The Toyota Prius was one of the first full hybrid electric vehicles to become a mainstream success. Its life cycle began way back in 1997, where it was initially offered as a 4-door sedan. Without question, it was a groundbreaking achievement. Beating Honda’s hybrid Insight model off the assembly line by a full two years. While countless others that came after have shriveled and died on the vine, the Toyota Prius has outlived the early jabs and jokes, swelling in popularity and growing as the benchmark hybrid option. Now, with a wide range of shapes and sizes.
Of the Prius models, (their are six now in case you’ve lost count), you can choose from luxury trims, AWD models and more recently, a plug-in hybrid option. Prices can start as low as $24,200 for the L Eco base trim. I recently had a couple of these Prius variations back to back and thought this a good opportunity to compare the two. If only to see how different they can be, while still claiming the Prius namesake.
My two test models where the Toyota Prius XLE AWD-e and the Prius Prime Limited. Right off the bat it should be noted that the Prime Limited carries a more prime price tag. At $36,127.00 compared to $32,195.00, it’s fair that we will be expecting a little more polish from the Prime model.
Both models come with a 1.8L DOHC 4-cylinder engine and hybrid synergy drive system. Both have various driving modes to dull or amp up the performance. The AWD in the XLE model delivered a slight edge when handling tighter corners. The Prius Prime is a plug-in hybrid model though. As such, it can deliver up some serious MPG’s. To the tune of 133 between electricity and gasoline. On just gasoline, it will still manage 54 MPG. The XLE model, being hybrid only will still impress at 50 MPG combined. 48 on the highway. The obvious advantage goes to the Prius Prime. A true champion of the short commute and long road trip.
To be clear, it’s still the Prius we are talking about. Nothing about the outside shell screams edgy or avant-garde. The XLE hybrid features LED headlights, 15” alloy wheels, heated side mirrors and an overall effect that’s perfectly neutral to the senses. The Prius Prime follows the same formula in general, with a few added surprises. Quad-LED headlights are playfully shaped, rounded over and sculpted around each individual LED. Underneath you’ll find LED fog lights and other accent lighting around the exterior as well. The effect is striking, really helping to elevate the Prime model above lower trim levels. The surprises continue to the back, where I was shocked to find what appeared to be a good amount of carbon fiber wrapped around the inside of the back hatch. Wheels are still 15” but styled more aggressively.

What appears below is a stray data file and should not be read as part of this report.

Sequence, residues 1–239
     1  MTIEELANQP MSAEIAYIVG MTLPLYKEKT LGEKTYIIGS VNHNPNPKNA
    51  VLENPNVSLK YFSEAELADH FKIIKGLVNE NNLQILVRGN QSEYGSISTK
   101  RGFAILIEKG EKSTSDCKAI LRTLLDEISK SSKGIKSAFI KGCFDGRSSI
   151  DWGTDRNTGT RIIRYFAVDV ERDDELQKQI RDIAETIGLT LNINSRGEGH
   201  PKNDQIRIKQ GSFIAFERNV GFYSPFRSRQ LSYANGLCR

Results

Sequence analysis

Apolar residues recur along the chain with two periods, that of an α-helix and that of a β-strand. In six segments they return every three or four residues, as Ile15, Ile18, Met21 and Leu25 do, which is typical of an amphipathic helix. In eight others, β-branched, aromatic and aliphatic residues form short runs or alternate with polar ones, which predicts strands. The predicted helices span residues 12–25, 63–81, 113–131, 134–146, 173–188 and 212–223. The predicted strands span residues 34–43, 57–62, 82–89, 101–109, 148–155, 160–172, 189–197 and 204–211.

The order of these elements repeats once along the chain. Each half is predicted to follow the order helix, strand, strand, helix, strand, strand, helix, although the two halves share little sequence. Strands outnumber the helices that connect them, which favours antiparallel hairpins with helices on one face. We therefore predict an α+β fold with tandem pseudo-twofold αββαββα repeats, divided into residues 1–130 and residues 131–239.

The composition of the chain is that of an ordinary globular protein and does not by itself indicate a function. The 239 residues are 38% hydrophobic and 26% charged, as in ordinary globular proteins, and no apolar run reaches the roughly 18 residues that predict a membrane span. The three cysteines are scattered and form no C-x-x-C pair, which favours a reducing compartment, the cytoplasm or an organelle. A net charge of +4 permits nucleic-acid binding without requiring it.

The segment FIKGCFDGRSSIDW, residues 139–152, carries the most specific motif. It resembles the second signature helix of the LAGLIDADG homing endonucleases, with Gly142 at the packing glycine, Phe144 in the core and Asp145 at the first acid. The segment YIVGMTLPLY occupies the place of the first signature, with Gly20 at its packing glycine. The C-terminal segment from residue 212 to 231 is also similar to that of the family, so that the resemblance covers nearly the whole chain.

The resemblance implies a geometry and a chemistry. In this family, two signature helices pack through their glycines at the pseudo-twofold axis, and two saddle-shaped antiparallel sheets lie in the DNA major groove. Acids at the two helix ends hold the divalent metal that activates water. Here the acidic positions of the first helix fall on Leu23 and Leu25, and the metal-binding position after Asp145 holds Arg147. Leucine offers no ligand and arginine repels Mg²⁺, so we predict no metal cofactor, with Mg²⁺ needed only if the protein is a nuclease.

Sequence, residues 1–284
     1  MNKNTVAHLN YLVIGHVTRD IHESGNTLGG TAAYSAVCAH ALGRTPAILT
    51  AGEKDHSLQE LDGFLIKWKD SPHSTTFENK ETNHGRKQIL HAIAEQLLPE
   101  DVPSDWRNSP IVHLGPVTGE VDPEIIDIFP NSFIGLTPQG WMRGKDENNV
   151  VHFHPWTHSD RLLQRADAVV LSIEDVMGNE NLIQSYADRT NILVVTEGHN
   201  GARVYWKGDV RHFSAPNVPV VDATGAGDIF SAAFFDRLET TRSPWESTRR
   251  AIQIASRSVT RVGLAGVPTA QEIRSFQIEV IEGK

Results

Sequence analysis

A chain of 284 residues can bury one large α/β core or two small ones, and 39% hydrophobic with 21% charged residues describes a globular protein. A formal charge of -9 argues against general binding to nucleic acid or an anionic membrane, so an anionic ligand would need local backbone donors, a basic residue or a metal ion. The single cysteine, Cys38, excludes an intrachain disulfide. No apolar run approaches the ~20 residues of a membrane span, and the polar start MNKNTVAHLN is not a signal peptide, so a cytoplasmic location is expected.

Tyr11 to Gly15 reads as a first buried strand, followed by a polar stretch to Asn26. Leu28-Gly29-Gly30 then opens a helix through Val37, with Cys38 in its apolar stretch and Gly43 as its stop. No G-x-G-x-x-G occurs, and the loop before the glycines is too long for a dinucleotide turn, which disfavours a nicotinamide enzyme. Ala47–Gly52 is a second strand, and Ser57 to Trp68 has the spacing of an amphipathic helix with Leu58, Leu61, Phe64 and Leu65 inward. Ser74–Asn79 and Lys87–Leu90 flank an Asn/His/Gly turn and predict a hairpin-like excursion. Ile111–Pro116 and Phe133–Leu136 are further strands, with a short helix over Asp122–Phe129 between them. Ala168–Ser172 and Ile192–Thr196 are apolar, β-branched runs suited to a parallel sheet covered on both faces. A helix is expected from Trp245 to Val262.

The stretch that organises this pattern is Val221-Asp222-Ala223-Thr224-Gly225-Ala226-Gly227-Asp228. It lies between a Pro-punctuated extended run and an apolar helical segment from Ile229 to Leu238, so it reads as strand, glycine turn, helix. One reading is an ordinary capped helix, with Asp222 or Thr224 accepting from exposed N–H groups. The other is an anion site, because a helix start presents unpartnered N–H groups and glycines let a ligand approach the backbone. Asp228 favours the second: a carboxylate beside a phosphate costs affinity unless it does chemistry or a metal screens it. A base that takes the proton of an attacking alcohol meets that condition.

On the inside, the clear differences manifest further. In the Prius XLE, an 8.1” touch screen with 8 Entune speakers can be found. SofTex trimmed heated front seats are wide and supportive. There’s Qi charging, 3 USB ports, bluetooth, Siri Eyes and more. Slide in behind the wheel of the Prime Limited Prius and the biggest difference jumps right out in the form of an enlarged 11.6” touch screen display. Oriented vertically, extending down the center controls much like the Tesla vehicles. Just with a lower screen resolution. It’ll control a higher end JBL audio system with an extra two speakers, making for a grand total of 10. You’ll find separate USB ports for media connection and charging. Plus the Qi wireless charger as well. Seats are the same SofTex-trim with heating. The enlarged infotainment screen alone really elevates the interior of the Prime model. Making it feel higher tech and generally more special than the XLE Prius.
When stacked up against one another, a clear winner isn’t hard to identify. For only $4,000.00 more, the Prius Prime Limited is assembled with better hardware, better lighting, and generally speaking, a more interesting interior and exterior. Not to mention the plug-in option that will give you stratospheric MPG’s and help you recoup the extra few thousand spent on the more premium model quickly with far fewer stops for gas.
By: Brandon Randall